Assuntos
Malformações do Desenvolvimento Cortical , Convulsões , Humanos , Eletroencefalografia , Eletrocorticografia , Imageamento por Ressonância Magnética
11.
Comput Methods Programs Biomed ; 226: 107091, 2022 Nov.
Artigo em Inglês | MEDLINE | ID: mdl-36096023

RESUMO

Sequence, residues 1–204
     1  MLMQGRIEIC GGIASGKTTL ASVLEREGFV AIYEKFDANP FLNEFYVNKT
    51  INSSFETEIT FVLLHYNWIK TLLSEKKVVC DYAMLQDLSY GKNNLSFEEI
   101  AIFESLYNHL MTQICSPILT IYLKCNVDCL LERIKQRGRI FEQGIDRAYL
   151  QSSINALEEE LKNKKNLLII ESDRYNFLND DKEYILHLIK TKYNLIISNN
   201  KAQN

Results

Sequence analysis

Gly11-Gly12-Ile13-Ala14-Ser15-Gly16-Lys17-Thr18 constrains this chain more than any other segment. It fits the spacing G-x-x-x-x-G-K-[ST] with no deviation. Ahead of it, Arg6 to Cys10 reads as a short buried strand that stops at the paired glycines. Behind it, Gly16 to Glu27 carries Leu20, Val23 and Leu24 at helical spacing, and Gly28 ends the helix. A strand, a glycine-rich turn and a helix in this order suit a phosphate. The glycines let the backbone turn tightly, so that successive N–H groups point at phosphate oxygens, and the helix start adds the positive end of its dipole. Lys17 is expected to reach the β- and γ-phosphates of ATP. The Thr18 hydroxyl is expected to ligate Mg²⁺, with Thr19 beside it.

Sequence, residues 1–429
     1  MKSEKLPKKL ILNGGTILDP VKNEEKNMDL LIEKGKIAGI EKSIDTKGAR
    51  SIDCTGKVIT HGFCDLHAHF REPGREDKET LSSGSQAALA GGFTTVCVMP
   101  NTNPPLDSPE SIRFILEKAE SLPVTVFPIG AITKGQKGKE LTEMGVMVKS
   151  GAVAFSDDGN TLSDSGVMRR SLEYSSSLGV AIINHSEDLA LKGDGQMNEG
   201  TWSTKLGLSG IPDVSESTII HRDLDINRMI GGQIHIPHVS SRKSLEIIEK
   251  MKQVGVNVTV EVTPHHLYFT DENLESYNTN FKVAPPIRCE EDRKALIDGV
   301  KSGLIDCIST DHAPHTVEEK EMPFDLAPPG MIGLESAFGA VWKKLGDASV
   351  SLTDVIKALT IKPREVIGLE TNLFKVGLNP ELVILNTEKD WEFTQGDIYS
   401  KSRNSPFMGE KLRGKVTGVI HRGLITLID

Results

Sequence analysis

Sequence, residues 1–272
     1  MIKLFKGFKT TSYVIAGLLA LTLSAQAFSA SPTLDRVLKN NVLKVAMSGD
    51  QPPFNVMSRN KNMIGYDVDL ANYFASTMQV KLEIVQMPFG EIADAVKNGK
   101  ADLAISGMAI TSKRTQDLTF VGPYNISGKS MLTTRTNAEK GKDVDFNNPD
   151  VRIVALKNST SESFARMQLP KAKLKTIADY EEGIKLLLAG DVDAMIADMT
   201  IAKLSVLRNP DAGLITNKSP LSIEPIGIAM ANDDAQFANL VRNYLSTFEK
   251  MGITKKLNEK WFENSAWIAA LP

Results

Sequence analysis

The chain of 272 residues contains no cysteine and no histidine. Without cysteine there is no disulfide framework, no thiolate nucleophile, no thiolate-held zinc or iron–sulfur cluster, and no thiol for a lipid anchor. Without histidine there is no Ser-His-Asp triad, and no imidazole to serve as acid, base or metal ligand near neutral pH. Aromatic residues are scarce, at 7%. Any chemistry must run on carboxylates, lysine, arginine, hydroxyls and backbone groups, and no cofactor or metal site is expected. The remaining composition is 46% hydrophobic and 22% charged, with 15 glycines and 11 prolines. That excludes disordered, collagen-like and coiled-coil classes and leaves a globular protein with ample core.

BACKGROUND AND OBJECTIVE: Epilepsy is the second most prevalent neurological disorder of brain activity, affecting about seventy million people, or nearly 1% of the world population. Epileptic seizures prediction is extremely important for improving the epileptic patients' life. This paper proposed a novel method to predict seizures by detecting the critical transition of brain activities with intracranial EEG (iEEG) signals. METHODS: This article used three key measures of fluctuation, correlation and percolation to quantify pre-ictal states of epilepsy. Based on these measures, a ritical nucleus of iEEG signals was constructed and a composite index was introduced to detect the likelihood of impending seizures. In addition, we analyzed the dynamical mechanism of seizures at the tipping point from the perspective of spatial diffusion and temporal fluctuation. RESULTS: The empirical results supported that the seizures are self-initiated via a critical transition in pre-ictal state and showed that the proposed model can achieve a good prediction performance. The average accuracy, sensitivity, specificity and false-positive rate (FPR) attain 87.96%, 82.93%, 89.33% and 0.11/h respectively. The results also suggest that the temporal and spatial factors have strong synergistic effect on triggering seizures. For those seizures consistent with critical transition, the predictive performance was greatly improved with sensitivity up to 96.88%. CONCLUSIONS: This article proposed a critical nucleus model combined with spatial and temporal features of iEEG signals capable of seizure prediction. The proposed model brings insight from phase transition into epileptic iEEG signals analysis and quantifies the transition of the state to predict epileptic seizures with high accuracy.